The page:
Kindness, humility, a good sense of humor, a willingness to collaborate and teach and know that we’re always learning… those are the qualities in my favorite doctors that I work with. I’m pretty blessed to work with quite a few… way more than the other way around. And those that I do run into that have an “attitude problem” well… I’ve come to learn that maybe they’ve just had to give some parents some pretty terrible news, or maybe they just haven’t had their morning cup of coffee yet. We’re all human and all imperfect and we all just need to give each other a little bit of grace sometimes. I know I’ve received it when I didn’t deserve it. All I can do then is pay it forward.
I hope this answers your question! Thanks for asking as always and good luck with achieving all of your goals! Maybe we’ll even work together one day…
Do you think 3 months is a long enough orientation to a level III NICU? I interviewed for two places, one with a 6 month orientation and one with a 3 month. I like the unit of the shorter orientation better but I am wondering if that is enough time for a new grad to learn everything.
I work in a Level 3 NICU and our official orientation phase was 3 months. However we continued for another 3 months in a 0-6 month status which signaled to the charge nurses making assignments to place us somewhere appropriate. It also helped other nurses keep an eye out for us when we were struggling or unsure. I think if I had another 3 months of official orientation I would have felt stifled.
You may want to ask the 3 month orientation unit what they’re on-boarding process is after that. I can’t imagine as a new grad that they would expect you to be taking on the same assignments that a nurse with 1, 5, 10+ years of experience would.
I’ll tell you it wasn’t until about 18 months that I really felt I was hitting a stride with things. (And that’s okay!) So don’t be too afraid of 3 less months of orientation. I’m still learning everyday. Just this week I had my first epinephrine drip and I’ve been doing this for 2 years.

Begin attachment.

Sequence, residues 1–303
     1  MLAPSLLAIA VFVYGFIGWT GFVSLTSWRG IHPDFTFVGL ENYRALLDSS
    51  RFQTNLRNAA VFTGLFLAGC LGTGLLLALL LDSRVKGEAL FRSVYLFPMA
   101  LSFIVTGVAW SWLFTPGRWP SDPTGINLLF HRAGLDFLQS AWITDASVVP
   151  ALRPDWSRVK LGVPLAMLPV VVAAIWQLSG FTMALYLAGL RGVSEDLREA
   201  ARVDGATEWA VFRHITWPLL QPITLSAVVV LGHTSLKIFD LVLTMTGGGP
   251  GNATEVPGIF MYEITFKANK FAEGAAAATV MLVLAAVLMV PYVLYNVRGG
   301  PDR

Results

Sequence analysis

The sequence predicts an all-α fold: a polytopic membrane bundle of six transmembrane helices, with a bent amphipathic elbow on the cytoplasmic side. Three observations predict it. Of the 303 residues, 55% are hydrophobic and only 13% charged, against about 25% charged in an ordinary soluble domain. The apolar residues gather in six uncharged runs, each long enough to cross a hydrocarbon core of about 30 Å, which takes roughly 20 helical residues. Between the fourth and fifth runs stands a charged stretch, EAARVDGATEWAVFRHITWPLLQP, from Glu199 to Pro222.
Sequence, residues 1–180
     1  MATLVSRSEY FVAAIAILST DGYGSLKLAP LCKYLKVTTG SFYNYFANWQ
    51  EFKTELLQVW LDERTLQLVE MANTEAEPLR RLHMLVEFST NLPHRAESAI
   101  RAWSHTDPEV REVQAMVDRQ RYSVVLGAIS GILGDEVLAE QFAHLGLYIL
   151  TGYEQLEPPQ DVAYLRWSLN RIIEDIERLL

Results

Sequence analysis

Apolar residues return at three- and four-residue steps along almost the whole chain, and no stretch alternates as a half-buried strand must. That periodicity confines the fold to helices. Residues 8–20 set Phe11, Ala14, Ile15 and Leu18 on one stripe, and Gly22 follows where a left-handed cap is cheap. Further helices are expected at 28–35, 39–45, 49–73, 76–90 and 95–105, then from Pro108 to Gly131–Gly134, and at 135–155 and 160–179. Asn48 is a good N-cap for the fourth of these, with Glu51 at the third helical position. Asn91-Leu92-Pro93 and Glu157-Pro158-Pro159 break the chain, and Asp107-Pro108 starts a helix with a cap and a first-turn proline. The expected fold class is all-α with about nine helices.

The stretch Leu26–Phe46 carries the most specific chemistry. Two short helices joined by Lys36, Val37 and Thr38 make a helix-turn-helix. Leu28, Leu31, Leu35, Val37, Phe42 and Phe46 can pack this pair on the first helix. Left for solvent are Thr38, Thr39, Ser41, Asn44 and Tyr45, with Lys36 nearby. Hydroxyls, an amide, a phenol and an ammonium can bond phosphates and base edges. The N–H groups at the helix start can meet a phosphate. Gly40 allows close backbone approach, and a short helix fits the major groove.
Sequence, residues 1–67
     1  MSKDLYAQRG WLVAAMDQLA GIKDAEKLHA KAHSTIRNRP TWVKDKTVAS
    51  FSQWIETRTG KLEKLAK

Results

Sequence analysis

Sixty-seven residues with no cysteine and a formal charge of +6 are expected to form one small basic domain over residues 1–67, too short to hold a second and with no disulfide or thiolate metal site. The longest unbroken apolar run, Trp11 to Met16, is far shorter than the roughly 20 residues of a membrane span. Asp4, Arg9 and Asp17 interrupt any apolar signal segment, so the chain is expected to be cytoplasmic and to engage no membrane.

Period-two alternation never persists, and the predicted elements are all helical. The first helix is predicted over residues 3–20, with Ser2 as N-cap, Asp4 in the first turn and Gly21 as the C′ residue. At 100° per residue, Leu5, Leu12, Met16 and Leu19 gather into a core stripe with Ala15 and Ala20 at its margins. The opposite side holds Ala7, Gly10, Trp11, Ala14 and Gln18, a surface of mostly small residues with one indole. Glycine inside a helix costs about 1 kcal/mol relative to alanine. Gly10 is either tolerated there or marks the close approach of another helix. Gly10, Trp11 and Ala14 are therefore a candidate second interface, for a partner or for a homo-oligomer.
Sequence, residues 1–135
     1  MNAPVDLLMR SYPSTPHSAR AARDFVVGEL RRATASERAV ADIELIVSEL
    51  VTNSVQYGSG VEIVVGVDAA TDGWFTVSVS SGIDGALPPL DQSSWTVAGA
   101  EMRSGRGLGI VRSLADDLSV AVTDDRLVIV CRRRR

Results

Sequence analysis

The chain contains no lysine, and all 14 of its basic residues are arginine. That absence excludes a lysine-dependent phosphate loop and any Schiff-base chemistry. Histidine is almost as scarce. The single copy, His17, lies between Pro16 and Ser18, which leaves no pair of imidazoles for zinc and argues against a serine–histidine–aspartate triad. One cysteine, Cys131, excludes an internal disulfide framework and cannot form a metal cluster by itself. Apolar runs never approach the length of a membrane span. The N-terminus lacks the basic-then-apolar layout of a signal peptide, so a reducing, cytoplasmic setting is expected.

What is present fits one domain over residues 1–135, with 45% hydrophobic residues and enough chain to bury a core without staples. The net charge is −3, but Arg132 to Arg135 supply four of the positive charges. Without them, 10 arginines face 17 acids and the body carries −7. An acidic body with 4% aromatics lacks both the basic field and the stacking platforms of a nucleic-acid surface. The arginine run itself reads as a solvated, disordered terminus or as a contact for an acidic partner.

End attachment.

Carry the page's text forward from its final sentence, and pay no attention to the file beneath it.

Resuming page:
I hope this helps! Know yourself and be honest about your needs. If you have the opportunity ask the nurses at those 2 hospitals how they felt about their orientation process. They could probably give you much more insight than I.
Hi! I've been scrolling through this blog and I want to thank you for making it. It is very inspiring. I just found out that I'll be having my preceptorship in the NICU this semester and am really excited but can't help but feel nervous. Many of the quotes you've posted here have helped with that nervousness, so again thank you. I was wondering if you have any advice for how to prepare for my preceptorship? I really love this field and would like to do the best I possibly can. Thanks in advance!
Thank you so much for the kind words. That was a great way to start my day.
First, it’s completely normal to feel nervous. You’re going to be in a new environment with new people and that presents it’s own challenges in addition to wanting to sound like a competent nursing student.
Here are some links to some previous posts I’ve made that have some resources for you.
1. This link (click here) has some advice I gave to another student about to start a preceptorship in the NICU. It also includes some some info-graphics, YouTube videos and other helpful information that would be good for your experience.
2. In this link (click here) I talk to an anon about concerns about a preceptorship not living up to expectations.
3. And in this link (click here) I talk with a nurse who just started out in the NICU and is having a rough go at it. I think it might be helpful in the sense to remember that we as nurses are far from perfect. And no matter how much experience or knowledge we obtain, we’re all subject to errors and the unknown (that typed out scarier than I meant it to…)
Remember too, that this experience is for you. Take ownership of it. Learn as much as you can, but enjoy it as well. This is a time in your nursing career that will not repeat itself so try to make it a good memory.
So sorry for the long hiatus but a break from the tumblr-verse was in order while I spent some much needed time with family over the holidays and am preparing to start back to school (read: went from a week of happy chaos and am about to enter into 16 weeks of dread).
I hope everyone out there had a good holiday, even if you were working it. I know it’s hard to work the holidays when you’ve got friends and family on the outside (I think I just made my job/hospital sound like a prison), but remember your calling and what you can provide for families and patients that no one else can.
2014 is going to be a great year, I can tell. So here’s to you, dear follower. Thanks for hanging out with me while we continue this crazy ride called nursing. My year’s motto is below… I wish it for each and every one of you too.